On the Equal Protection question, the Court observed initially that the rational basis test of federal constitutional analysis did not apply to equal protection under the New Jersey constitution, and proceeded to frame the issue in terms that make history and tradition irrelevant. "At this point, we do not consider whether committed same-sex couples should be allowed to marry, but only whether those couples are entitled to the same rights and benefits afforded to married heterosexual couples. Cast in that light, the issue is not about the transformation of the traditional definition of marriage, but about the unequal dispensation of benefits and privileges to one of two similarly situated classes of people." Citing the many protections against discrimination based on sexual orientation, the Court concluded that there was no public interest, at least not in New Jersey, to support this different treatment.

The opinion distinguishes New Jersey from other states that "have expressed open hostility toward legally recognizing committed same-sex relationships," and includes Virginia in that list, along with Alaska, Georgia, Kansas, Kentucky, Louisiana, Michigan, Nebraska, North Dakota, Ohio, Oklahoma, Texas, and Utah.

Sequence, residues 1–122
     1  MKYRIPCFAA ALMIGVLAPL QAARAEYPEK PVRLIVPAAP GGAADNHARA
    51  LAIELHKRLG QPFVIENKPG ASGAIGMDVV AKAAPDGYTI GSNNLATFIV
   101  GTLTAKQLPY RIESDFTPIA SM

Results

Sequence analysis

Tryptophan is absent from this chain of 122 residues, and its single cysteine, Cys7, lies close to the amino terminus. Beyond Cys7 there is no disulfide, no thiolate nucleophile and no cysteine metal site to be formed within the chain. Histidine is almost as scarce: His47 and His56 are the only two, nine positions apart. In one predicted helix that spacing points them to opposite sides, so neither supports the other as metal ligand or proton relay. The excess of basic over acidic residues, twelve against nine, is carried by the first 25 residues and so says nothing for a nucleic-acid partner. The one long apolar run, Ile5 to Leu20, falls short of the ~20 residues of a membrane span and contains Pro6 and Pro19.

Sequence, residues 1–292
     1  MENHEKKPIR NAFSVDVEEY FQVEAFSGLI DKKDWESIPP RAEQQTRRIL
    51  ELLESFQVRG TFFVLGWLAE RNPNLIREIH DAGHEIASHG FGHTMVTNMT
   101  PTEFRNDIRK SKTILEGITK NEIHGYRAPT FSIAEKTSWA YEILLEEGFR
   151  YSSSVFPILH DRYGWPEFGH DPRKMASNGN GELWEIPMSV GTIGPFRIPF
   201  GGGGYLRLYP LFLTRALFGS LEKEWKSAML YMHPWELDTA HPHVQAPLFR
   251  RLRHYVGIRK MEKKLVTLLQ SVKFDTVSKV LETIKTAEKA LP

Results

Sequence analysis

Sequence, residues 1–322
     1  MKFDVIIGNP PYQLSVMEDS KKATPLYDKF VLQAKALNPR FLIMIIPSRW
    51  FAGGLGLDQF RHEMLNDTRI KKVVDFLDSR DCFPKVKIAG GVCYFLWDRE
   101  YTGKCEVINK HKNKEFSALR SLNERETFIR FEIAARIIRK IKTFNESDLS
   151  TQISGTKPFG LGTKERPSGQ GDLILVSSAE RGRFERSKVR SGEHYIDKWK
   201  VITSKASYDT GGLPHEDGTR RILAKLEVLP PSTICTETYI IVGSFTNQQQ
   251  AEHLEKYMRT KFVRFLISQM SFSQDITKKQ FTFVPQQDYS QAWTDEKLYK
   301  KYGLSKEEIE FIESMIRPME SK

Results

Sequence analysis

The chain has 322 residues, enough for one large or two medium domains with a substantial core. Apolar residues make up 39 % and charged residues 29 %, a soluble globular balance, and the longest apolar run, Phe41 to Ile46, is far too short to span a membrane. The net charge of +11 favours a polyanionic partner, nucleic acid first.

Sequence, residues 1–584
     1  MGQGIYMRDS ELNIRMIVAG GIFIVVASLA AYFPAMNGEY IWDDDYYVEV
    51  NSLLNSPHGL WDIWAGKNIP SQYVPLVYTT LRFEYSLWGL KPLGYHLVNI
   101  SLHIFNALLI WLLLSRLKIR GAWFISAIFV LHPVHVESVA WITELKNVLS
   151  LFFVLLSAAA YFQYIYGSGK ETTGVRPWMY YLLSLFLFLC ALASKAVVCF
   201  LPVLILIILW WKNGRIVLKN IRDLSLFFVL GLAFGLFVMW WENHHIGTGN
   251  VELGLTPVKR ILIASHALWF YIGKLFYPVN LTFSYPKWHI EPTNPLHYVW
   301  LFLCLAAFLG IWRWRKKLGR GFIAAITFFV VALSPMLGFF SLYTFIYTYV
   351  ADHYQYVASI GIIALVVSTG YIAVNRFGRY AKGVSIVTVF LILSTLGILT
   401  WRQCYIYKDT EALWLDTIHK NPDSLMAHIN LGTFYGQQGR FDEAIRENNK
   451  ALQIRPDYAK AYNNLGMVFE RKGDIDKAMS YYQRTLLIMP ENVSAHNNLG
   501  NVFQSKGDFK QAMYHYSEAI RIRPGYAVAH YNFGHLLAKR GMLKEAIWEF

Excellent Chief Justice story

It says here that a couple of fellows from West Virginia walked up to the U.S. Supreme Court building and got in to see Chief Justice Roberts, with the aid of an old photograph: "Sporting a World War II veteran's cap and carrying an old picture of Roberts' father taken at a family reunion in Florida with nine of his aunts and uncles, DiBacco finagled his way into Roberts' office Sept. 26."

The story goes on: "Though it may have been some attorneys' dream, McCune said he had no interest of turning the conversation into a legal discussion. Instead, the three talked about their roots in West Virginia."

I didn't know the Chief Justice had roots in West Virginia.

The obligatory group photo is here.

Why not to nominate Engelbert Humperdinck in Virginia

As Election Law notes here, the AP is reporting that "U.S. Senate candidate James H. 'Jim' Webb has lost his last name on electronic ballots in three Virginia cities where election computers can't cope with long names."

As for Engelbert, you can go here and find out if he is still willing to sing you to sleep after the lovin' with a song he just wrote yesterday.

Now you can Broogle the courts of the Fourth Circuit (or some of them)

Here you can see how Brian Peterson has created a customized Google search, that includes opinions from the Fourth Circuit and some courts in the states that make up the Fourth Circuit, including the Virginia appellate courts and the Western District of Virginia.

I just made up the term "Broogle" in his honor. Well done, Brian.

(OK, there are a few other Broogle references out there.)

Tuesday, October 24, 2006

How many times have you wanted to do something like this?

According to this article in the Richmond paper, a prosecutor in the City of Danville has filed suit against a juvenile and domestic relations district judge to get her to rule in a case, and got the circuit court to so rule.

District judge still going at 92

In the Middle District of Pennsylvania, they have a judge named Malcolm Muir, who is still hearing cases at age 92.